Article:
More than two months after uprisings against police brutality in Minneapolis enveloped the city, the owners of several indies directly affected by a weekend of property destruction in late May are still dealing with the aftermath.

Uncle Hugo’s Science Fiction Bookstore and Uncle Edgar’s Mystery Bookstore, two indies known locally as the Uncles and housed in one building in Minneapolis’ Midtown area, were destroyed in a late-night fire set by arsonists on May 29-30. Owner Don Blyly vowed to rebuild, and a GoFundMe fund to support his efforts has raised more than $166,000 to date toward its $500,000 goal.

According to an update posted earlier this week on that GoFundMe campaign page, Blyly wrote in great detail of the frustrations of dealing with the City of Minneapolis in the months following the fire, from trouble obtaining a demolition permit to discovering only days ago that the water to the building had not been shut off immediately following the fire. But the city’s bureaucracy is not the only red tape Blyly said he must wade through, noting that working with publishers during a time when supply chains and communications are disrupted everywhere due to the pandemic comes with its own issues.

“Immediately after the fire, the publishers were all asked to put the account on hold—so that no orders could be shipped to us until we were ready—cancel all the old purchase orders that had not yet been sent, and change the address from the store address to my home address to speed up communications,” Blyly said. Blyly still received some packages that were already en route when a hold was placed on his account, although other packages were returned to publishers.

It’s taken all summer for him to receive credits from some publishers, Blyly said, adding that “sometimes, the credit for a box of books was different than the invoice for the same box of books.” When he asked for copies of “questionable invoices,” oftentimes his request would be ignored. “It also didn’t help when publishers decided to switch from paper statements to email statements and then had bugs in their computers,” Blyly added.

In contrast, Dreamhaven Books and Comics, in the city’s Standish neighborhood, is “almost completely back to normal,” according to owner Greg Ketter. Dreamhaven was heavily vandalized during a burglary that same weekend, but all that remains in terms of repairs, Ketter wrote in an email, is “a few cosmetic jobs: filling and painting screw holes from boarding up the windows; new interior door that was kicked in; replace one showcase that couldn't be repaired.”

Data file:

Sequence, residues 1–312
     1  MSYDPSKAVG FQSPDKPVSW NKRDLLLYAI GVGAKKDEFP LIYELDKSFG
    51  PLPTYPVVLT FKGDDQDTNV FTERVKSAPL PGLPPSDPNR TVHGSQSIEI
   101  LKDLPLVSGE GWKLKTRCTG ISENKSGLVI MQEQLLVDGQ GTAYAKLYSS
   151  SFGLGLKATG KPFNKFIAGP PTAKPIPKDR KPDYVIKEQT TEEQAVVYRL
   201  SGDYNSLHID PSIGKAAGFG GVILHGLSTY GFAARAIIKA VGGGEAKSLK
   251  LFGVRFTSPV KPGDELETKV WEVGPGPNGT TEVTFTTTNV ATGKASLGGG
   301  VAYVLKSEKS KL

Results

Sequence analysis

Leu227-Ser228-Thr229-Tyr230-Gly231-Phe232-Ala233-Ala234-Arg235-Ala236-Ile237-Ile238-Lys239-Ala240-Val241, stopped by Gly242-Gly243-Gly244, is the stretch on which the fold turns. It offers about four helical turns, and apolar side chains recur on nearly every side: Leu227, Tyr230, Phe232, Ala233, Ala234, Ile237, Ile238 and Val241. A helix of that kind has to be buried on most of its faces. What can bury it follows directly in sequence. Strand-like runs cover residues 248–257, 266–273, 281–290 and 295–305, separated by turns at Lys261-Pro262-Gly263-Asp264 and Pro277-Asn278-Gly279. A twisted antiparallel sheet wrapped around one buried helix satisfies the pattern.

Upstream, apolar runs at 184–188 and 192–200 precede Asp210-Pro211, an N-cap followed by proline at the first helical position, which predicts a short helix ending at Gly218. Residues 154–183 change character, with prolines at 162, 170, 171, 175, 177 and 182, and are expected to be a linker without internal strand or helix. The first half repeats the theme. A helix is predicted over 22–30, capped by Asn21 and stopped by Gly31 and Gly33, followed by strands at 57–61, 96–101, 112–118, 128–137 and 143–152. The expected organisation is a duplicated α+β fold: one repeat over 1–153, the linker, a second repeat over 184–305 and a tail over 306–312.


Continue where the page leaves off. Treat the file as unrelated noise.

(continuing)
While the store has re-opened, foot traffic has been light, Ketter reports, but online orders have made up for that, due to “mostly big-ticket sales.” He added: “All in all, we're in very good shape and I expect we'll survive a truly terrible 2020.”

Another Minneapolis indie located in an area that experienced damage in the wake of George Floyd’s death, Magers & Quinn in Uptown, which had a window broken that weekend, has since removed boarding from its windows and is open to foot traffic. “We definitely have less walk-in retail traffic than we used to,” store manager Jess Blackstock wrote in an email, “but many people have supported us through our website and curbside pickup.”

As for Moon Palace, which is located on the same block in the Powderhorn neighborhood as the Minneapolis police’s third precinct building—the target of violent protests for several nights until it was set on fire—the two-story façade remains boarded up. The store is still closed to browsers, although orders can be picked up in person at a window on the side of the building. The store, which remained virtually unscathed throughout the uprisings while buildings around it burned, gained national attention for its support of the protesters. As a result, there has been such an upsurge in orders from throughout the country all summer that its co-owner, Angela Schwesnedl, emailed in response to PW that she is “too busy to email until the weekend.”